The Americans were used to working with Colombian officers who would joke about failed missions, who took them no more seriously than getting the wrong order at a restaurant.
There were plenty of reasons why they repeatedly failed. On one occasion, approaching a suspect finca on a morning raid, the assault force lined up along a ridge and then simply walked toward the structure. A Centra Spike soldier accompanying them suggested that the force drop down on the ground and crawl.
"In the dirt?" asked a Colombian officer, insulted by the suggestion. "My guys don't crawl in the dirt and the mud."
The occupants of the target house fled well before the raiding party arrived. The finca had all the hallmarks of an Escobar hideout [...] The occupants had fled in such haste that they hadn't had time to completely burn documents, so they had urinated and defecated on them. This was enough to dissuade the national police from taking a look. When the Centra Spike man began to fish the papers out of the mess, the colonel himself objected.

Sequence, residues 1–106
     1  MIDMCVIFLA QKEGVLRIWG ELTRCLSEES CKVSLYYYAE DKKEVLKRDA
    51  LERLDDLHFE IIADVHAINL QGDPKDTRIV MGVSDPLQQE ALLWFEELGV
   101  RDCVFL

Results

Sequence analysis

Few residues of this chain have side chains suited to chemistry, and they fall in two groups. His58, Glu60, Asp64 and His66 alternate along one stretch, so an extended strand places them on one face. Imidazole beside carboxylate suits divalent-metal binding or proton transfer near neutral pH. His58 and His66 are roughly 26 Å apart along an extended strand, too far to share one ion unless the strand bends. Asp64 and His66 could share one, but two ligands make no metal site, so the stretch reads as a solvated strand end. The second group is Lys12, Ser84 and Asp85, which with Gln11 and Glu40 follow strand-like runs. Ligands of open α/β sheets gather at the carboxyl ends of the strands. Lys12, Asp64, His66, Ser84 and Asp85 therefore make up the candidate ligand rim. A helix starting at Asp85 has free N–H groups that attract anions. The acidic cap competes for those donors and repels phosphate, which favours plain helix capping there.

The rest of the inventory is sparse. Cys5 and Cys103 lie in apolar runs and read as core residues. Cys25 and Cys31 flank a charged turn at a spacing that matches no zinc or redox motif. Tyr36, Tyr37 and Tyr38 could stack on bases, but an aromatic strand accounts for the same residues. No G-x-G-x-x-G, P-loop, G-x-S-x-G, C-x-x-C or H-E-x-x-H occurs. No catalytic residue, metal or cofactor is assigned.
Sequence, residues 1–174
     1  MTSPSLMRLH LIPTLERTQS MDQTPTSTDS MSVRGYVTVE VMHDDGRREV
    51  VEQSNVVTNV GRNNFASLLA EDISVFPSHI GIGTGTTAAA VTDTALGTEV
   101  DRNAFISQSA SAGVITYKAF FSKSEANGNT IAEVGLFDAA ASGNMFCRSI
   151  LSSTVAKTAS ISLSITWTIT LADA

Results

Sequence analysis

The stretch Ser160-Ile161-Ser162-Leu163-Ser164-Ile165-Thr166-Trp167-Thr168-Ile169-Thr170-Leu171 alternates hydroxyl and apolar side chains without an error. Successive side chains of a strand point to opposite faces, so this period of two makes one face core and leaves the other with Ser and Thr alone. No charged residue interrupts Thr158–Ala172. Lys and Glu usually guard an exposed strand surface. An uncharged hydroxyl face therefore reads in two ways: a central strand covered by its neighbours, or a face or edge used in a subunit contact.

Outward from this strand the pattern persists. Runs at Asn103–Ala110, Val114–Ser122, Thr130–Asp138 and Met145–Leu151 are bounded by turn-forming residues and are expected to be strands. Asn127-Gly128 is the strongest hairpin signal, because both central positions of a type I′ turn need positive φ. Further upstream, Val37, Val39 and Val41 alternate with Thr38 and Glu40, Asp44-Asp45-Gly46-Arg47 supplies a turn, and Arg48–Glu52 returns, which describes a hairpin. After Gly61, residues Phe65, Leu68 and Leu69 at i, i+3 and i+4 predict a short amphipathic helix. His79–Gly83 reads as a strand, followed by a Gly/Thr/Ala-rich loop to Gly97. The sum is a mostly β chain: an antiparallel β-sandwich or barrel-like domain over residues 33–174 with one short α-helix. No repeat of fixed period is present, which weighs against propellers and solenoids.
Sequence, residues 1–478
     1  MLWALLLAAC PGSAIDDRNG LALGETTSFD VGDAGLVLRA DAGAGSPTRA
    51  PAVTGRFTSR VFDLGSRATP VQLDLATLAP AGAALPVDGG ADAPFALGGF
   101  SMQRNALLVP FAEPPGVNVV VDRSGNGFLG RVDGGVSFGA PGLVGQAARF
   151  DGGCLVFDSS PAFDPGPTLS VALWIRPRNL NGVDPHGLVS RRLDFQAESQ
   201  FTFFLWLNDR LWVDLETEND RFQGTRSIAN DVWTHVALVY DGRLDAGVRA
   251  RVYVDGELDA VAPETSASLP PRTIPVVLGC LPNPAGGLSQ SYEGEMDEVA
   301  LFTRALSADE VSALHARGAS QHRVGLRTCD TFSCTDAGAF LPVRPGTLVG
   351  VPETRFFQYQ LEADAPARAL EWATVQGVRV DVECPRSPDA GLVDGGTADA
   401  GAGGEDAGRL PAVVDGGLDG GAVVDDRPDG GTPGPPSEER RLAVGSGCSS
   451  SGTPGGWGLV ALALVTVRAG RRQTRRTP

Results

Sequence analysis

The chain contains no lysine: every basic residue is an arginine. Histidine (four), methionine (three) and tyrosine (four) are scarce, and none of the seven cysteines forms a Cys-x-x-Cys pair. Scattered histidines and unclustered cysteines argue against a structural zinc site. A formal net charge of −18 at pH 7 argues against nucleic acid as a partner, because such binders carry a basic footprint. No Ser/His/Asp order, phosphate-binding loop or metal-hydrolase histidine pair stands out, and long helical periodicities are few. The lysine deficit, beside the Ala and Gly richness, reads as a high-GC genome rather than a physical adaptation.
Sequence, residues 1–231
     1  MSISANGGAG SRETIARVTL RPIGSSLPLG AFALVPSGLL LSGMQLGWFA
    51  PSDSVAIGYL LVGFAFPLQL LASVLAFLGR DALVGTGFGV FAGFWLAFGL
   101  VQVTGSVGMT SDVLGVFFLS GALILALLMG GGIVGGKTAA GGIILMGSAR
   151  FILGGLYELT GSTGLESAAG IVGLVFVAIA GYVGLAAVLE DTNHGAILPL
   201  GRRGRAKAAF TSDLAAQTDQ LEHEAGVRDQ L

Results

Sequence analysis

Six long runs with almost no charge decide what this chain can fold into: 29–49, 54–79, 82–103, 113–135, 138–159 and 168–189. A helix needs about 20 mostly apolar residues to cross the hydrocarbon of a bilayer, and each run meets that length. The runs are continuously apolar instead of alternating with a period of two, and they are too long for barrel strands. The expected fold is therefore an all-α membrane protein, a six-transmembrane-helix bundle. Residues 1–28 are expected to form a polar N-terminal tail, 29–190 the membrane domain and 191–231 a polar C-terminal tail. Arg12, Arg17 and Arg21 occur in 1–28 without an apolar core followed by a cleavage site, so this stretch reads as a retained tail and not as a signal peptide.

"I can't believe you'd do that," he said. "That's human waste!"
"Where I come from we also low-crawl and get our uniforms dirty," the American said. (88)
Sunday, July 31, 2011
Readings in American History
Today's tidbit comes from the War-on-Drugs era, more specifically from Mark Bowden's Killing Pablo (which is about the manhunt for Pablo Escobar).